Congressman William Goodling (R-PA) stated, "This massive list of federal education programs clearly demonstrates what many of us had suspected for quite some time-that Washington is out of control and out of touch." He stated further, "Federal education programs have been focusing on government bureaucrats, rather than on educating our children … research clearly shows that the key to success for our children is three-fold: local control and flexibility, parents that are committed and involved, and a strong emphasis on basic academics." Congressmen Peter Hoexstra (R-MI), Buck McKeon (R-CA), and Randy Cunningham (R-CA) joined with Goodling. McKeon stated, "The Clintons say that it takes a village to raise a child, but that is only because it takes a village just to fill out this paper work," as he pointed to a huge stack of papers that are required for all the Education Department's programs.
In the meantime, our Restoring Local Schools Act continues to receive attention. A number of Congressman who were previously co-sponsors of H.R. 1883 have contacted us showing greater interest in co-sponsoring the Restoring Local Schools Act. We hope this momentum will establish the groundwork for truly abolishing the federal role in education in 1997.
EA Programs Would Cost $702 Billion
The Alexis de Toqueville Institute has issued a report analyzing the National Education Association's funding bid. Entitled "The Fiscal Impact of the NEA's Legislative Agenda," the de Toqueville Institute reports that if every item in the NEA's "Legislative Program for the 104th Congress" were enacted, federal spending would increase by at least $702 billion annually! This translates to an approximate annual tax increase of $10,554 for a family of four! This study exposes the costly, big government agenda of the NEA as it seeks to expand its control.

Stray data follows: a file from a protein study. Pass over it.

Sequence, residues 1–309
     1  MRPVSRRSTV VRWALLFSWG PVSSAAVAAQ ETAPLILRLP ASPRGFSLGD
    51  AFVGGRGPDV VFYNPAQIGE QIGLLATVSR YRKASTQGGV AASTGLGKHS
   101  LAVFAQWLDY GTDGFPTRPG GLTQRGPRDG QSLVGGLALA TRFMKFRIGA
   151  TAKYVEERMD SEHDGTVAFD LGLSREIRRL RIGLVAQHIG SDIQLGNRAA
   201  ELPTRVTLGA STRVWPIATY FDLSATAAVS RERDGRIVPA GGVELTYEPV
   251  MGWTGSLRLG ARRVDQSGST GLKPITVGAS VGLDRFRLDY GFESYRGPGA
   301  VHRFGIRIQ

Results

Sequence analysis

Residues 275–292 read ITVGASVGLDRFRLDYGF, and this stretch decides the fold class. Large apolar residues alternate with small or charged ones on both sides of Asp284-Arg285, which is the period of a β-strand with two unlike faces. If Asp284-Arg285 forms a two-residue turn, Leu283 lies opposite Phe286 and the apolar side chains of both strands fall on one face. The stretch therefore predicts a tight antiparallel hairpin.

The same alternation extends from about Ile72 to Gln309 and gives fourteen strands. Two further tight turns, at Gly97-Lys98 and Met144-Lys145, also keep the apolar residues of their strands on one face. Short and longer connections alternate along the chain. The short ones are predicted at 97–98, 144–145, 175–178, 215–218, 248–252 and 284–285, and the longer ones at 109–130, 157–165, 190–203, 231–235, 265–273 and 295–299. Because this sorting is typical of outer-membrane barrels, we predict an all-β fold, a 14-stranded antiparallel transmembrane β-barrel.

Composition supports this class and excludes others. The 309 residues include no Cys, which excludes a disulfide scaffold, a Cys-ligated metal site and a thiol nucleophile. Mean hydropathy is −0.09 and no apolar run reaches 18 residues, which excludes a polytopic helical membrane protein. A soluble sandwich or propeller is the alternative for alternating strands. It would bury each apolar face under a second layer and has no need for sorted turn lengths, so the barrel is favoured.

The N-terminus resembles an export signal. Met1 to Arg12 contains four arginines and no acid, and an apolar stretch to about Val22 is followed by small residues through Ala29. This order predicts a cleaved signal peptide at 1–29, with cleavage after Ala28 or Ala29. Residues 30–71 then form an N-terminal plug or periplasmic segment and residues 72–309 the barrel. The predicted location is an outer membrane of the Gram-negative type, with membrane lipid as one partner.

Copies of The Fiscal Impact of the NEA's Legislative Agenda are available from the National Center for Home Education, P.O. Box 125, Paeonian Springs, VA 22129; (540) 338-5600. With your request, please include a self-addressed, 9"x13" envelope, metered or stamped with 78¢ postage.
South Africa Still Needs Our Help
In previous reports we have explained the trouble facing home schoolers in South Africa and encouraged our members to write to the South African Embassy in order to pressure the South African government to formally legalize home schooling. Through past efforts, home schoolers have successfully affected the South African government. However, Leendert van Oostrum, a home school leader in South Africa, urges us to continue writing.
In a recent meeting with the National Ministry of Education, home school leaders were told that the Ministry is drafting legislation which would amount to a very restrictive version of "approval legislation." Other senior provincial officials have started making statements "to the effect that the holiday from persecution that home schoolers have enjoyed over the past three years is almost over."
Many U.S. home schoolers can empathize with this situation it has not been that long since many of our states were afflicted by the arbitrary discretionary approval of school authorities. Again we ask you write a letter to the South African Embassy, urging them to specifically recognize home schooling in their country.
Ambassador Franklin Sonn
Embassy of the Republic of South Africa
3051 Massachusetts Avenue NW
Washington, DC 20008
(Please also send us a copy of your letter.)
Writing letters to the South African Embassy can be a great project for the whole family. You could even use it as a catalyst for a unit study on the country. Christopher J. Klicka, Esq., Executive Director of the National Center for Home Education, a division of HSLDA, has prepared a brief history of South Africa and more details on the political efforts to legalize home schooling in that country. You may request a copy from the National Center for Home Education, P.O. Box 125, Paeonian Springs, VA 22129. Please include a self-addressed, stamped envelope.